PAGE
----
huh? donations/payments have been made to the paypal account, but paypal isn't shelling out? It's non of their business, if the money is in the account they should just pay out.. Wonder why anyone would use paypal anyway, especially after stories like this.. If it was Indiegogo that would not pay out then it would be another matter, but paypal isn't anything more than a bank..
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Steve Nicholls Programmer 8 years ago
PayPal do this quite a lot. Saying that I don't believe you should pay company wages with crowd funding as one company did in the article.

Edited 2 times. Last edit by Steve Nicholls on 10th September 2013 5:28pm

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James Berg Games User Researcher 8 years ago
Good news: "I’m relieved to announce that today we received an email from PayPal's ‘Office of Executive Escalations’, advising us that they have released all reserve funds and removed all reserve settings from our account."

Andrew, Paypal isn't a bank, which is why they can do stuff like this. Paypal always takes the side of the buyer, not the seller, and using it is always a calculated risk. When I ran my own business and was shipping things to people, if someone claimed something didn't show up in the exact condition I described, Paypal would give them a refund.
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Anthony Chan8 years ago
LOL give us the game we want, the way we want to play it, when we want to play it, how we want to play it... and maybe we won't ask for a refund. Paypal mitigates risk because as James stated they protect buyers more than sellers.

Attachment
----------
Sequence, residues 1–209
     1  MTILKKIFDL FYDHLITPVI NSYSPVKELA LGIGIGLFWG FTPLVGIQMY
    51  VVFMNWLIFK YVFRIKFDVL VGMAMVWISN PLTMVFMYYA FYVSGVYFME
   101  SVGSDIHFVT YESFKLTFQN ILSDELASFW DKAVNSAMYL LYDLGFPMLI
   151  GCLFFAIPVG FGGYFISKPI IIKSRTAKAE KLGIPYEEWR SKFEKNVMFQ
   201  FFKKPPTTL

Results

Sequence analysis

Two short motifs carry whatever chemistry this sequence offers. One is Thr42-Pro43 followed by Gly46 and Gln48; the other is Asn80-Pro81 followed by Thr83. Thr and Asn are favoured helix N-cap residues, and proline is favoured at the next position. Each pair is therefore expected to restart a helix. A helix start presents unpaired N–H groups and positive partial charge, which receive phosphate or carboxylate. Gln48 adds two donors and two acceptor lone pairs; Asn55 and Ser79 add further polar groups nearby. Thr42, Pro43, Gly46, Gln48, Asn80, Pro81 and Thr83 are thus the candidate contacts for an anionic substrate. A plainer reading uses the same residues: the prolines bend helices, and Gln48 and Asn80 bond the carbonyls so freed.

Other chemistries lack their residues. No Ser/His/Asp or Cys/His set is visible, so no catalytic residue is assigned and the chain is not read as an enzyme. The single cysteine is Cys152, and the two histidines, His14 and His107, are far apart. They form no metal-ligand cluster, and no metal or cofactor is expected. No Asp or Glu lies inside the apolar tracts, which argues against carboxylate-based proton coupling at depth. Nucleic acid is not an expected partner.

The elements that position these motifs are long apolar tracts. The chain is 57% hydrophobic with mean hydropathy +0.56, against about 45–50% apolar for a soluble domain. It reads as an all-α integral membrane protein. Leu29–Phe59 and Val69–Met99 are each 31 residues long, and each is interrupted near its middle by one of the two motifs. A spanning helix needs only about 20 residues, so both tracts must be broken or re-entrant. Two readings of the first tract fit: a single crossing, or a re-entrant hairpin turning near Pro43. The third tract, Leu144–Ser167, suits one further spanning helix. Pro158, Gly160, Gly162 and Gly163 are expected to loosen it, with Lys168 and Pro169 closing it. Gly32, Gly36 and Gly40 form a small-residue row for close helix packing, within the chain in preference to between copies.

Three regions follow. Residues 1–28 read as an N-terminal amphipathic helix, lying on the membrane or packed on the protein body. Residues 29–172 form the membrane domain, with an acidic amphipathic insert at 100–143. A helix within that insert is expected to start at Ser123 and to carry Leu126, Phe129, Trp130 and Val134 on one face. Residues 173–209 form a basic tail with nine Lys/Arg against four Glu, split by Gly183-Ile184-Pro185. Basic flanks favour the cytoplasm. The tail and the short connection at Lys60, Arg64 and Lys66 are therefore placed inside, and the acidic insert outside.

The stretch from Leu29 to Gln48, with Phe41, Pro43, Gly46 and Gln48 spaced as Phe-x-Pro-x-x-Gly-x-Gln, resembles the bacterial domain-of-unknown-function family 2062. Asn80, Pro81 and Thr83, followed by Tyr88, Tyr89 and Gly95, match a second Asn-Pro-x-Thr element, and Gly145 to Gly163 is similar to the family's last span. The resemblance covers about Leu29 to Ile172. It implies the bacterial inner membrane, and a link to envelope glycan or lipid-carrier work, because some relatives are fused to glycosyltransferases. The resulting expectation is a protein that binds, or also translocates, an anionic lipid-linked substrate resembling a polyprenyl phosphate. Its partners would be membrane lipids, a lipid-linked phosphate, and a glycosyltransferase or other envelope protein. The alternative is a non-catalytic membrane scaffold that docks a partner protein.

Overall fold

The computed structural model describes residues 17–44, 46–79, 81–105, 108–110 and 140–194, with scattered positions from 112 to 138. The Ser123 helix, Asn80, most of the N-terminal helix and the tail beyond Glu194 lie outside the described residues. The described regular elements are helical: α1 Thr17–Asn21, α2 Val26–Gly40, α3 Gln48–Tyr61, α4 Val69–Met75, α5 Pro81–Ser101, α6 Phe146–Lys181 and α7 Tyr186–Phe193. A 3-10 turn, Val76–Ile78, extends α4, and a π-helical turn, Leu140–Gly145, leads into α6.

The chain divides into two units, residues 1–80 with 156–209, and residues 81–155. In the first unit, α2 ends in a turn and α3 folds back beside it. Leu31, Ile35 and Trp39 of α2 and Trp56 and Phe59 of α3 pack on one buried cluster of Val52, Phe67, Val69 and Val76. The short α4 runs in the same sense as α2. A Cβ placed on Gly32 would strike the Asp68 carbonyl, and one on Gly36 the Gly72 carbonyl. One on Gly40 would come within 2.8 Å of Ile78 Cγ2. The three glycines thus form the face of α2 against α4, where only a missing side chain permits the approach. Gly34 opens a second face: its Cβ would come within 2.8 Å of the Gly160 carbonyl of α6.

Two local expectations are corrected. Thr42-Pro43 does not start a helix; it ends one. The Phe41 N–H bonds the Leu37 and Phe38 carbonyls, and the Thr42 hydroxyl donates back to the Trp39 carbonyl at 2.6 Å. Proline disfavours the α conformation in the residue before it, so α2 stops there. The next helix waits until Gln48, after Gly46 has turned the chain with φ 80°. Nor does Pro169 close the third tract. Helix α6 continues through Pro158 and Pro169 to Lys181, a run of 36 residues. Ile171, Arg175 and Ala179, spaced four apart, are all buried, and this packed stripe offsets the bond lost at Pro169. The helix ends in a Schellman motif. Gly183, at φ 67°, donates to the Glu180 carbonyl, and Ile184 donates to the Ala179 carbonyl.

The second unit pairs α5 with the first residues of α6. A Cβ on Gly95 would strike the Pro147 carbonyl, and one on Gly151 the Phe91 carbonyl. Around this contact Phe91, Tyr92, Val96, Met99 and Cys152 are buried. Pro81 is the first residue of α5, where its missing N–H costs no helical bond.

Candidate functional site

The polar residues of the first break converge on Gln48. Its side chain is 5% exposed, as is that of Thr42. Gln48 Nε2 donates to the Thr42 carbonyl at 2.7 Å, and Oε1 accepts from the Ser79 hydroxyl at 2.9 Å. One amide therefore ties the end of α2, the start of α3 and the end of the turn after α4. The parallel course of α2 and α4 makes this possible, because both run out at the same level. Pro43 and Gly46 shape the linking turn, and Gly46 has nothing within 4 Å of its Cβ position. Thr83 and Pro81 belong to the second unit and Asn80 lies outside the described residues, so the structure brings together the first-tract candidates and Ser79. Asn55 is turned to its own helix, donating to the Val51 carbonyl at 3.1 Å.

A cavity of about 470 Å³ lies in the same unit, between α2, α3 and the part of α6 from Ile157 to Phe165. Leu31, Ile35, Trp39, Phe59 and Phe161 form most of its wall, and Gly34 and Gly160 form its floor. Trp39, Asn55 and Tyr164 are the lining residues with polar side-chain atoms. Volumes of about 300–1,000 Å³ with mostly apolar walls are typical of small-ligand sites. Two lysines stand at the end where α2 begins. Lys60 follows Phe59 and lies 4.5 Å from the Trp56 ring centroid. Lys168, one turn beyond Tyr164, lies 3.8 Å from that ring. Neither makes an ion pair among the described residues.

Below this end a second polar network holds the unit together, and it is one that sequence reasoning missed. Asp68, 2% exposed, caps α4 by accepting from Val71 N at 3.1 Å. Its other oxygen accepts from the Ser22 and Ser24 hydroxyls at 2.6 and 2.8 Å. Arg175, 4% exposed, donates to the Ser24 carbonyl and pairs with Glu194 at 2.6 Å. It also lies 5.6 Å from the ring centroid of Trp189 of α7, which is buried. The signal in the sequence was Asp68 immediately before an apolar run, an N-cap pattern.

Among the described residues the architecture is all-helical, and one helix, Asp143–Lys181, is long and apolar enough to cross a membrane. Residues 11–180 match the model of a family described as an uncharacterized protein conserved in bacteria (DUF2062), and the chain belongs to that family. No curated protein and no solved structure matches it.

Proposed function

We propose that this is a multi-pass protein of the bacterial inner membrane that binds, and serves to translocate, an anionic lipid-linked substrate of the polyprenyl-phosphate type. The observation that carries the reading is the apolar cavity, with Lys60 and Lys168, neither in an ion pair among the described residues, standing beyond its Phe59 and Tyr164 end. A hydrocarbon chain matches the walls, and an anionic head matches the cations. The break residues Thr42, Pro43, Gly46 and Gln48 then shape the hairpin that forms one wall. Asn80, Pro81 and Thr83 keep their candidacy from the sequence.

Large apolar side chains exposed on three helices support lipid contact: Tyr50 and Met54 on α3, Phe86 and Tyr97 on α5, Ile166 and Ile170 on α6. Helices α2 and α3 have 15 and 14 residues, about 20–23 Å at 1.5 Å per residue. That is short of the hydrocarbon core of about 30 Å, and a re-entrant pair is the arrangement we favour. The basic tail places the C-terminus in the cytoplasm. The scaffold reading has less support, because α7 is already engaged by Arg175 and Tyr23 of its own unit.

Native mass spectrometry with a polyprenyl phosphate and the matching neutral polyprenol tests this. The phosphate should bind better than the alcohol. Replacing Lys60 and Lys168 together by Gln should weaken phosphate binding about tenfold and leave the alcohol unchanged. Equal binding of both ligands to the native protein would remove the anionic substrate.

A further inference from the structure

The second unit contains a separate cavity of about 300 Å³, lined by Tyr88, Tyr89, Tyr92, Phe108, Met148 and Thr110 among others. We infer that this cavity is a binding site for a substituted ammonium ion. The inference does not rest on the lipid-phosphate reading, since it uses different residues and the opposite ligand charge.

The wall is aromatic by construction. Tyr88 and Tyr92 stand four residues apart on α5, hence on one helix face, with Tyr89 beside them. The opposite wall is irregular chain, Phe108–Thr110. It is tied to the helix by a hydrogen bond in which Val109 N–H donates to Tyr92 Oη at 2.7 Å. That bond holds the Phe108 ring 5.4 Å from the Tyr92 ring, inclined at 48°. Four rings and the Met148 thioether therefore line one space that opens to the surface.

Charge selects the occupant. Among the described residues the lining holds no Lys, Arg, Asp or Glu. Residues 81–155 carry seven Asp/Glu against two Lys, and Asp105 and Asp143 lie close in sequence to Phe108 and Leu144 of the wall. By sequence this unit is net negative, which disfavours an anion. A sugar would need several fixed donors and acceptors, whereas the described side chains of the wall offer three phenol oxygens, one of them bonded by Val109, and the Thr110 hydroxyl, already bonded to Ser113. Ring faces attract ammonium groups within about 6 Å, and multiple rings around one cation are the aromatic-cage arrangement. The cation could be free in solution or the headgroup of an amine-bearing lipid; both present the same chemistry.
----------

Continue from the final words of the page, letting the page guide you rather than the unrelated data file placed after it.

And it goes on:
I don't understand why indies resort to paypal when it is them who are unable to certify their product will be satisfaction guaranteed.
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Adam Campbell Product Manager, Azoomee8 years ago
PayPal do this quite a lot. Saying that I don't believe you should pay company wages with crowd funding as one company did in the article.
Skilled staff are expensive.

Being able to sustain the lives of your development team whilst they put time and effort into a product is surely a good enough reason? For teams this small wages are probably the biggest expenditure. Funding is funding, only difference here is the method (crowd).

If PayPal feel it necessary to withold funds because 'users might not like the product and ask for a refund' they need to review their systems and guidelines.
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Shaun Farol Studying Computer Information Systems, California Polytechnic State University8 years ago
Again this is a cost of doing business when it concerns PayPal. There is a reason Kickstarter doesn't support PayPal payments and this is one of them. By using IndieGoGo you are taking on the systemic risks of using that platform. This isn't the first time PayPal has frozen crowdfunding funds and I doubt it will be the last. To go through PayPal without understanding these risks is a failure of the campaign starter more than anyone.

PayPal lives and thrives under its assurances that the online marketplace is not the wild west and that it can assure its customers that you are safe buying online and using their payment system. Without trust PayPal is nothing and ultimately being able to assure their customers that they are not being scammed is fundamentally more important to them than any one game's money.

Choosing how to fund one's product and what crowdfunding platform you use if you choose to go that route is more than just a comparison of fees. When I launched my own crowdfunding campaign I did extensive research into all the options available to me and weighed them all in before finally deciding Kickstarter was the right one for my project.

Edited 1 times. Last edit by Shaun Farol on 11th September 2013 3:49am